A second lacking, even more essential component is the fact that the regional geologists (chiefly from the Zaragoza university) without exception negate the existence of the Azuara impact event (Aurell et al. 1993, Aurell 1994, Cortés and Martínez 1999, Cortés and Casas 2002, Cortés et al. 2002, Diaz Martínez et al. 2002) despite all evidence as are the clear and proven shock metamorphism, ubiquitous polymictic and monomictic impact breccias, impact melt rocks, impact glasses, shatter cones, dislocated megablocks, geophysical anomalies, extended ejecta deposits, and much more, and a host of publications (referenced in the Introduction) and lengthy internet presentations [2, 3].
Half of the publications are taking the easy way out not mentioning the Azuara impact event at all, neither in the texts nor in the references (Casas et al. 2000, Capote et al. 2002, Cortés 1999, Cortés and Casas 2002, Gracia et al. 2008, Gutiérreza et al. 2008, 2011, 2012, Lafuente et al. 2010, 2011, Rubio and Simón 2007, Simón et al. 2010) which can simply be termed bad scientific style only.
The other half of the publications take notice of the impact event but solely to claim its non-existence consistently ignoring the just mentioned host of clear impact evidence (Aurell et al. 1993, Aurell 1994, Cortés and Martínez 1999, Cortés and Casas 2002, Cortés et al. 2002, Diaz Martínez et al. 2002). The basis doesn’t differ from the attitude of the before-mentioned group of regional geologists: lacking thorough field work and lacking knowledge of elementary impact geology. Hence, their opposition is fed on theoretical models, on textbook knowledge, on simple assertions and sometimes even on falsification which we have lengthily addressed elsewhere . For these geologists, the carefully analyzed impact melt rocks and impact glasses (Hradil et al. 2001) are volcanic ash, the polymictic, in part strongly shocked impact breccias and impact breccia dikes (Ernstson et al. 2002) are soil formation and karst features, the established shock effects like planar deformation features (PDFs) (Therriault 2000, Ernstson et al. 2002) and diaplectic quartz and feldspar glass (Ernstson et al. 2002) are tectonically produced, the Pelarda Fm. and Puerto Mínguez impressive impact ejecta deposits (Ernstson and Claudin 1990, Claudin et al. 2001, Ernstson et al. 2002) are Quaternary alluvial fans (see Figs. 20, 25) and Tertiary conglomerates, the young Tertiary fill in the middle of the Azuara impact structure is said to be undisturbed Devonian (J. Smit, written comm.), and so on.
We concede that in impact geology standard geological models frequently do not work adequately. Actually, big folds and faults, thick sediment deposits (ejecta) and deep-reaching erosion (cratering) are produced in an impact, but all this happens within a time of seconds and minutes accompanied by extreme pressures and in part extreme temperatures. Moreover, there are significant processes quite different from “normal” geology, and we especially mention the enormous, not to say gigantic tensile forces acting on the affected impact target from microscopic to megascopic scales. These tensile forces are the result of the reflection of the propagating compressive shock fronts at the free surface and at boundaries of different rock units. All this however is textbook knowledge for a long time.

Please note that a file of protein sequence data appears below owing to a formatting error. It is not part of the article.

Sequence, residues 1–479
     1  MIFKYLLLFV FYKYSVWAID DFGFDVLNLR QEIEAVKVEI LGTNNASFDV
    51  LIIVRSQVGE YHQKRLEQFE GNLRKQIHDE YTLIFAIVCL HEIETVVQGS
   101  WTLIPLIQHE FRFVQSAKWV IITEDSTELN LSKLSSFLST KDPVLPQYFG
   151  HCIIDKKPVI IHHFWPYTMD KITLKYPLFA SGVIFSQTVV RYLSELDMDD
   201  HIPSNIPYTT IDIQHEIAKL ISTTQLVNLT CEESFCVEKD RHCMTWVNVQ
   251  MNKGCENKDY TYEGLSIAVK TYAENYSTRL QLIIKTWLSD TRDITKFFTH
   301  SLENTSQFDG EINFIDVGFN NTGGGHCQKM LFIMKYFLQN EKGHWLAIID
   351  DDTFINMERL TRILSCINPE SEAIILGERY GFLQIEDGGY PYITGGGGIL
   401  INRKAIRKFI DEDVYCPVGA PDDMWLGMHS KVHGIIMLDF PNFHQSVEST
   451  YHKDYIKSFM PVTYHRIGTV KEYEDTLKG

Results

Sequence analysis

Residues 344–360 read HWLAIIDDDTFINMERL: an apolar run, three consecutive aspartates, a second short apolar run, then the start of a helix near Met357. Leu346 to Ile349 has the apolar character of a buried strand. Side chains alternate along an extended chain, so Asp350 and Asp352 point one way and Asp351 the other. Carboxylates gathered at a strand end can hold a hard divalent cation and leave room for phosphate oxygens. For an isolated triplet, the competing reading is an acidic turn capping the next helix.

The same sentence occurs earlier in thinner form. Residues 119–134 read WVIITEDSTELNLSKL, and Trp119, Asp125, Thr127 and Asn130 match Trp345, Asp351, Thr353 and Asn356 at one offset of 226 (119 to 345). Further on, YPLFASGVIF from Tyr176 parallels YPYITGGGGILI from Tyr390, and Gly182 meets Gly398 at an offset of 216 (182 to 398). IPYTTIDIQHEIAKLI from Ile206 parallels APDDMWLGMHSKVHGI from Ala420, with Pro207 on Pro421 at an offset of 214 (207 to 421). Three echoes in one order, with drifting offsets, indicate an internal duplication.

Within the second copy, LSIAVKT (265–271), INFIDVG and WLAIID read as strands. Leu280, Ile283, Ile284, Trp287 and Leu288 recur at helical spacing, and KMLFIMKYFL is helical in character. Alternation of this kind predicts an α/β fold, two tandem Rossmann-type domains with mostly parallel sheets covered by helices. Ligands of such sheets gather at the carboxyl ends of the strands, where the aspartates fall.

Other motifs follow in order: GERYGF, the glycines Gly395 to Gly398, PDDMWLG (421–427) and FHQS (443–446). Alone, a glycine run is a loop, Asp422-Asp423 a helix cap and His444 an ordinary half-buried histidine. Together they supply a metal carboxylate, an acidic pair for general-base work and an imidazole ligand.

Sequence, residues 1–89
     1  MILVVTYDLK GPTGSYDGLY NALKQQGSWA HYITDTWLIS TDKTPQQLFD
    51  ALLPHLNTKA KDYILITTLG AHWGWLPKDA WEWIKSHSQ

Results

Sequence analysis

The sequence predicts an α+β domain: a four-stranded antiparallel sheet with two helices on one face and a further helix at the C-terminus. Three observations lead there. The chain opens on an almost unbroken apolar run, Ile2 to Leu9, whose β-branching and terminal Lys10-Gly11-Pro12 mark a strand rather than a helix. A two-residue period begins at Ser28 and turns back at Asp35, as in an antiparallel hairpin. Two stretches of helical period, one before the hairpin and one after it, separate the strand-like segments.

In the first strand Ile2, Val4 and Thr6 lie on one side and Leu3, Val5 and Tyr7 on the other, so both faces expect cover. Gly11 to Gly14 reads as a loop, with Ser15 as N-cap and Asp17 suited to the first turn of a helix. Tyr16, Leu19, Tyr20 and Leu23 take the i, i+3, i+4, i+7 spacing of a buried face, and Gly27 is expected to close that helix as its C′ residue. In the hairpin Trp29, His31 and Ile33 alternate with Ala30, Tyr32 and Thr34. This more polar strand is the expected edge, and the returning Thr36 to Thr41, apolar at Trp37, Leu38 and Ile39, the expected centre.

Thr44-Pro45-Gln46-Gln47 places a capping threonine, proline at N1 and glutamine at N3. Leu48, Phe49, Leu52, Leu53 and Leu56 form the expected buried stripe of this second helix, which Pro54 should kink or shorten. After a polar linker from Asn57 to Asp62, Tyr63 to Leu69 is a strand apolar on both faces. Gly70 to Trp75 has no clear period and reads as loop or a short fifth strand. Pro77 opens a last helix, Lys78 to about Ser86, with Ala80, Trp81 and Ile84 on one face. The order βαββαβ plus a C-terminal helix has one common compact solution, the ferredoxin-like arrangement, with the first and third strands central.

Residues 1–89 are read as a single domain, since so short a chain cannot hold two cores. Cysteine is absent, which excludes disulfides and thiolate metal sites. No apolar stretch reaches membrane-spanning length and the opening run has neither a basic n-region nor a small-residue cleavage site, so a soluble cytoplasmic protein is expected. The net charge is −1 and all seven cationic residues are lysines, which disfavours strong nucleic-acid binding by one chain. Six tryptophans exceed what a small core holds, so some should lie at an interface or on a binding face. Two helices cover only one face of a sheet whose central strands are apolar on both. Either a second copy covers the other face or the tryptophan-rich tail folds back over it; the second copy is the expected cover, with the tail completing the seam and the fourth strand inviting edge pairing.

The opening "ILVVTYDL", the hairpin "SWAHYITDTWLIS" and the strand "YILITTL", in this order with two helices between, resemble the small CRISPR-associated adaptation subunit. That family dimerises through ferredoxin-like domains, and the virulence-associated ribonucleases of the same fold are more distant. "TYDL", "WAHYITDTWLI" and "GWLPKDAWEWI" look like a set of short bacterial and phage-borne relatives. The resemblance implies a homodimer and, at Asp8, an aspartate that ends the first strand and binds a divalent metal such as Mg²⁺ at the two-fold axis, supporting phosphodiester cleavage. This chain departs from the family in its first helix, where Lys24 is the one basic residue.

The regional geologists involved here could have learned much on impact geology if they had studied the very highlighting geologic exposures in the course of the road construction for the Autovía Mudéjar a few years ago and not far away from the Daroca – Cucalón – Olalla terrain . In Fig. 41 we show typical examples of horizontally implanted breccia dikes in the Paleozoic rim region of the Azuara impact structure pointing to these enormous tensile forces vital for this exceptional constellation. Many more highlighting outcrops along the line of the Autovía Mudéjar in the impact rim region are also shown in . Today these outcrops are no longer accessible because of the autovía in operation and especially because long sections of the embankments had to be secured by wire mesh and such are no longer visible. This had been necessary because during the road construction a large number of enormous landslides occurred in the already accomplished embankments (Fig. 42, ). The road constructors had not thought of going to build their roadway straight through the rim zone of a very large impact structure with its enormous rock destructions.
Fig. 41. Impact dikes exposed in the embankment of the Autovía Mudéjar in the rim zone of the Azuara impact structure. The implantation of the dikes has required enormous tensile forces.
Fig. 42. Only two of many landslides along a way of only a few kilometers that occurred after the embankments for the Autovía Mudéjar were already accomplished. More impressive landslides along the autovía embankments are shown in .
This demonstrates that ignoring a really existing impact structure by geologists has not only scientific negative relevance but also quite practical consequences. As for the scientific relevance we conclude that the abundant geological, tectonic and geomorphological models developed for the region between Zaragoza and Teruel are basically meaningless as long as the regional geologists are completely blocking out the Azuara impact event with the formation of the Azuara structure and the Rubielos de la Cérida elongated impact basin.